“That would be the kind of country where Ahmadu Bello seconded his aide to be Nigeria’s Prime Minister, while he was Premier of the North. But to keep us in this and be talking competence is telling us we were born yester-night,” Odumakin said.
Also speaking, the ACF national secretary, Anthony Sani, said zoning became expedient in order to manage the diversity of the country and guarantee a sense of belonging for the various ethnic groups.
“I do not know the context Governor el-Rufai made that statement. As a result, I cannot make an informed comment on his position. But note that I have said it over and over again that politics of identity symbolised by power shift and rotation was introduced in order to manage our diversity, albeit it is an admission of failure of leadership which has made communities to believe that access to national resources by way of appointments, projects and major contracts should be turn-by-turn.
“But I dare say merit and rotation are not mutually exclusive. That is to say it is still possible to get candidates in whom merit and zoning can be found.
“Somehow, I believe because no country has enough resources needed for satisfaction of all citizens, governance is necessarily an art of balancing competing demands among not only constituents but also among socioeconomic sectors.
“This is to inspire inclusion and sense of participation, even if as precursor for the introduction of meritocracy,” he said.
A former minister of education and acting national chairman of SDP, Professor Adeniran, agreed that zoning was most expedient at the inception of the Fourth Republic because of the damage of the annulment of the June 12, 1993 presidential election by the military regime of General Ibrahim Babangida.
According to him, the nation now needed a system that is based on ideology and other niceties like merit to firm it up.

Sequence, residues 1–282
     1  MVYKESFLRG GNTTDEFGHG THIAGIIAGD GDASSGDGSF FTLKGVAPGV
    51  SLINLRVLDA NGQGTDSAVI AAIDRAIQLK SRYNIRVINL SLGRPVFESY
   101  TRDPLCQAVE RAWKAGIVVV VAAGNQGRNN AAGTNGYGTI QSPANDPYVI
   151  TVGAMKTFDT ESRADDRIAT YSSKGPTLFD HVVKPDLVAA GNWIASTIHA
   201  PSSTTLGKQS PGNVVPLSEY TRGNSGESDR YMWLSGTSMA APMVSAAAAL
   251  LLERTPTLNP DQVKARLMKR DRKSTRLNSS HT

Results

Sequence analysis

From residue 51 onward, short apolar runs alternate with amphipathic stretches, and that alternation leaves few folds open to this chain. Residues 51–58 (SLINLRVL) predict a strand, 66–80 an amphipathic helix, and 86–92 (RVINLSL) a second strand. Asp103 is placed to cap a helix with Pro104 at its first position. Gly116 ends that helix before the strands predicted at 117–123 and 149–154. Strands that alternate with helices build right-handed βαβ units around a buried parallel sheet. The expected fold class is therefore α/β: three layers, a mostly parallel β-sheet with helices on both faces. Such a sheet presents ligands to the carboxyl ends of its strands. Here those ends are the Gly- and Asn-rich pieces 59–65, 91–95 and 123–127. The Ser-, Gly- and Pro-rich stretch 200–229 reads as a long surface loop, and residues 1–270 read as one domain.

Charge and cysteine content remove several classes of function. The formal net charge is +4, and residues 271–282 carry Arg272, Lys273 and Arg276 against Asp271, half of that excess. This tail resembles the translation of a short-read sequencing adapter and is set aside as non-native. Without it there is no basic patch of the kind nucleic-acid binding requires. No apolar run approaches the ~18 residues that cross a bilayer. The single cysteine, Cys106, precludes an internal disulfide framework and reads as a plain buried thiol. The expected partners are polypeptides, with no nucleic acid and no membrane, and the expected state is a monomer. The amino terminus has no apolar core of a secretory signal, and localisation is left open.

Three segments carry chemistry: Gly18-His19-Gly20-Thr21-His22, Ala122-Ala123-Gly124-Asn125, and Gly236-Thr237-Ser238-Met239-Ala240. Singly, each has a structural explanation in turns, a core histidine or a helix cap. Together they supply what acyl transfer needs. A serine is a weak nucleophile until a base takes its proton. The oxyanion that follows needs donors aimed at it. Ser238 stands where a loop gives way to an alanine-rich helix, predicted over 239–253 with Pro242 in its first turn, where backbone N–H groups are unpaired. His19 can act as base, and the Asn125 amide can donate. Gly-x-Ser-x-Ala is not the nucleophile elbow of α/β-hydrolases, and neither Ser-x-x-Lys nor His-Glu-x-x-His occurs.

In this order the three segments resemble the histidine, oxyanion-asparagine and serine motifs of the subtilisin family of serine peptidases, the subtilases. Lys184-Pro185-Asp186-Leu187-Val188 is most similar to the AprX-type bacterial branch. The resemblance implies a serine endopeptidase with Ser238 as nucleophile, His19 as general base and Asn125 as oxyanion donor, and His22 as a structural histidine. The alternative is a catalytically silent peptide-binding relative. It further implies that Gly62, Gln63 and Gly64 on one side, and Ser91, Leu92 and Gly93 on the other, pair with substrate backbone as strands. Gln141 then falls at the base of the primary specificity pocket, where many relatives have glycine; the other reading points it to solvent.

“That has always been my personal position. I believe strongly that competence and ideology should guide Nigerians in the choice of those to govern the country at various levels. Zoning was popular, rational and defensible at the onset of the Fourth Republic because of the essence of June 12.
“It became fashionable for political parties to flaunt zoning as part of their principles and, as would be expected, ethnicity, bigotry and mediocrity soon seized the channels of zoning. That principle will not carry Nigeria far as a country very much in need of liberation from ignorance, poverty and other factors of underdevelopment.
“The leadership Nigeria needs in 2023 must be based not only on competence, the capacity for leadership, but also on the right ideology. That is paramount.
“No matter where a Nigerian leader comes from, if he or she is people-oriented and believes absolutely in the rule of law, human dignity, social justice, fairness and equity and, of course, the imperatives of peace, democracy and true federalism, Nigeria would be safe and make progress in such hands.”
On his part, the leader of the Coalition of Northern Youths, Shettima, simply said: “I subscribe to competence too,” just as a member of the PDP national leadership, Senator Olu Alabi, said it was a tall dream for anyone to sincerely talk about competence as the determining factor for the next presidency because of the prevalent primordial biases and bigotry in the land.
“Competence and not rotation, as articulated by el-rufai is the ideal. But are Nigerian leaders ready, with the background of ethnic, religious and other primordial biases and beliefs? These dangerous diseases of bias/beliefs must first be tackled nationally by God-sent leaders and not the ones we have all over the country now,” he said.